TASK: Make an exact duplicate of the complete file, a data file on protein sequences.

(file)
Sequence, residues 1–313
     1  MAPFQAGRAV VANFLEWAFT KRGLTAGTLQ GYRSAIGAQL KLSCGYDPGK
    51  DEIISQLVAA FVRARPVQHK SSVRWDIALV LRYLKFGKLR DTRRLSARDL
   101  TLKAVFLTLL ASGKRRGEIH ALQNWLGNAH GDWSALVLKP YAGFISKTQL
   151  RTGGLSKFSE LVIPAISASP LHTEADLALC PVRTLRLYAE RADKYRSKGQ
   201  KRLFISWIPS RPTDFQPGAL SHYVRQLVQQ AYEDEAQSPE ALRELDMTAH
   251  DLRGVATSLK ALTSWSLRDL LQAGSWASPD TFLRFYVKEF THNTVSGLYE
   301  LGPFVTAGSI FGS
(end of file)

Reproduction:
Sequence, residues 1–313
     1  MAPFQAGRAV VANFLEWAFT KRGLTAGTLQ GYRSAIGAQL KLSCGYDPGK
    51  DEIISQLVAA FVRARPVQHK SSVRWDIALV LRYLKFGKLR DTRRLSARDL
   101  TLKAVFLTLL ASGKRRGEIH ALQNWLGNAH GDWSALVLKP YAGFISKTQL
   151  RTGGLSKFSE LVIPAISASP LHTEADLALC PVRTLRLYAE RADKYRSKGQ
   201  KRLFISWIPS RPTDFQPGAL SHYVRQLVQQ AYEDEAQSPE ALRELDMTAH
   251  DLRGVATSLK ALTSWSLRDL LQAGSWASPD TFLRFYVKEF THNTVSGLYE
   301  LGPFVTAGSI FGS